“Politely hold up your hand to indicate you’d like the person to stop speaking.”

“When the employee takes a breath, redirect the conversation to include others.”

“If the problem persists, take the offender aside in private and, while showing you appreciate their input, ask them to hold back or at least limit their comments so others can speak.”

“With positive guidance, employees can learn to avoid these common communication mistakes.”



News Flash: You Can’t Fake Being Authentic

You Can’t Fake Being Authentic

“A lot is being said and written about being authentic these days because so many people aren’t. Think about a police chief who fudges his department’s response to a crisis. Or, government and corporate leaders that promise one thing and then do another.”

“What is Authenticity?:

Authenticity means being real or genuine, and telling the truth. You can’t tell someone you’re being authentic. You have to demonstrate it by your behavior. You have to be who you say you are.

Employees value a CEO who is honest and not afraid to open himself up and show some emotion. We coached a senior partner of a law firm for several years. One day he was asked to speak to the partnership about what the firm meant to him.

When talking about the firm in rehearsal, he was overcome with emotion and had difficulty getting the words out. He kept practicing because we knew that once he was able to manage his emotions, he could hold his own on stage.

On the day of the meeting, Jim got through his remarks with a catch or two in his voice and just a few tears in his eyes. His ability to show emotion may have surprised some of the partners, but they were very touched by his authenticity and his love of the firm.”

“Mingling With Employees:

When your name is on the door, you can never be just “one of the guys.” It’s a delicate balance between being aloof and developing a genuine rapport with employees.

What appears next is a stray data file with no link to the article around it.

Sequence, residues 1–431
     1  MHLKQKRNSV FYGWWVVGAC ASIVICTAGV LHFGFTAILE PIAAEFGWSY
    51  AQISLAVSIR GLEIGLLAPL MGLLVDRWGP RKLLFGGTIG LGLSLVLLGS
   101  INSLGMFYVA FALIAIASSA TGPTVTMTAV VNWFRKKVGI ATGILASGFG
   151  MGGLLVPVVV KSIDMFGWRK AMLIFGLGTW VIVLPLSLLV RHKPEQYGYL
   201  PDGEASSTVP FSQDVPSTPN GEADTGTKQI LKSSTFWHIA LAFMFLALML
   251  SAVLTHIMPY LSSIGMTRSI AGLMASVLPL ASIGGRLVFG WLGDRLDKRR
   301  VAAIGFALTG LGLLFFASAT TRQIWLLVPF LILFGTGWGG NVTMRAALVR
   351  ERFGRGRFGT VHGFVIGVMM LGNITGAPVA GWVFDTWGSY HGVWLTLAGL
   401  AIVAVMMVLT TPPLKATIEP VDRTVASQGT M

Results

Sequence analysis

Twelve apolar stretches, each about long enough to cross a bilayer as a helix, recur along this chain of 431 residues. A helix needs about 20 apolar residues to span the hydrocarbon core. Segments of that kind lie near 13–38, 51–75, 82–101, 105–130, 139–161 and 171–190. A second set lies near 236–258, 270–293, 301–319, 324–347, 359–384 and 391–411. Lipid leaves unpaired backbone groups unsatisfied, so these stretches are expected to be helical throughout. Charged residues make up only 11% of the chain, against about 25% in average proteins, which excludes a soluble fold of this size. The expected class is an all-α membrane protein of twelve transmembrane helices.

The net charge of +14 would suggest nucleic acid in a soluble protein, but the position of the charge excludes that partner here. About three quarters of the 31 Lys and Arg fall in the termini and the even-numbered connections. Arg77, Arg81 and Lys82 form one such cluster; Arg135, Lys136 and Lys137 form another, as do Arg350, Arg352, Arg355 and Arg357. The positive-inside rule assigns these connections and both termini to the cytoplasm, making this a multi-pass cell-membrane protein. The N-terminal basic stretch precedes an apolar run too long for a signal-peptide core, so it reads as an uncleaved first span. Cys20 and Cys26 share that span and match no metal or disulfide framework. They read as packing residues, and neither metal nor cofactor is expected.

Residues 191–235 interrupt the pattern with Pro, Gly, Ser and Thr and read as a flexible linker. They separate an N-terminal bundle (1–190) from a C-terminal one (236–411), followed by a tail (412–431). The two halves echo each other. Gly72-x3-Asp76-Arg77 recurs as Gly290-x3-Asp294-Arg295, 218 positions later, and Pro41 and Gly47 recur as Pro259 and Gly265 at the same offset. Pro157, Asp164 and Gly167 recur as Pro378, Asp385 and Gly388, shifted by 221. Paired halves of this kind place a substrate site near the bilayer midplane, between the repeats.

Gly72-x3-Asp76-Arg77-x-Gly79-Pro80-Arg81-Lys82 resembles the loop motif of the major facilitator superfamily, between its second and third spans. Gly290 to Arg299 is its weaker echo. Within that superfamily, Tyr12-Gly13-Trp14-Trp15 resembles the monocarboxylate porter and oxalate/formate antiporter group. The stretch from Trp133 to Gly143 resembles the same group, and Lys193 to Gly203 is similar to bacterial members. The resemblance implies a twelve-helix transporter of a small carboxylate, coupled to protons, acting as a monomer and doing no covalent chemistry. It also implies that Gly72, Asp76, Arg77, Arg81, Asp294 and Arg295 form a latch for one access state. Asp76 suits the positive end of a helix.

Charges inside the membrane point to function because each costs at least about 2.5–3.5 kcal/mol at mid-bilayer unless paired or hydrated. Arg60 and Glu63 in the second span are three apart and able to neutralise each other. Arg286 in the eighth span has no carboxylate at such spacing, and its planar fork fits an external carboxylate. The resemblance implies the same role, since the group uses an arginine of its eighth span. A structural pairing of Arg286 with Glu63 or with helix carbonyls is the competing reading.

Bill Hewlett and David Packard, the founders of Hewlett Packard, practiced management by walking around , a concept popularized in the blockbuster book In Search of Excellence . This means making spontaneous visits to employees to learn first hand what’s really going in the company and getting valuable feedback from employees. These visits are a great morale booster.

But you can’t just drop into the company cafeteria once a year and pretend that you’re interested in your employees. That’s just going through the motions. It’s not authentic.”

“Good leaders meet with their employees regularly. One CEO we work with invites a different group of employees to dine with him in the cafeteria every other week. He learns more than he would by sitting in his office and it demonstrates his genuine commitment.

The founder and now retired CEO of Costco, Jim Sinegal, was labeled a “retailing genius” in a CNBC special about the retailer (below). A shirtsleeves leader, he spent most of his time on the road visiting his warehouse stores. He wanted to know from store managers what was working and what wasn’t. Sinegal could then apply what he learned to the entire network.”



10 Barriers to Communication During Depression




“One of the most challenging aspects of living with or supporting a person who suffers with depression is communication. People who are depressed are usually highly sensitive to direct or implied criticism. Ideally we should try to understand but this often doesn’t happen. There are some very common ways that both cut off communication and serve to make things more difficult than they need to be.”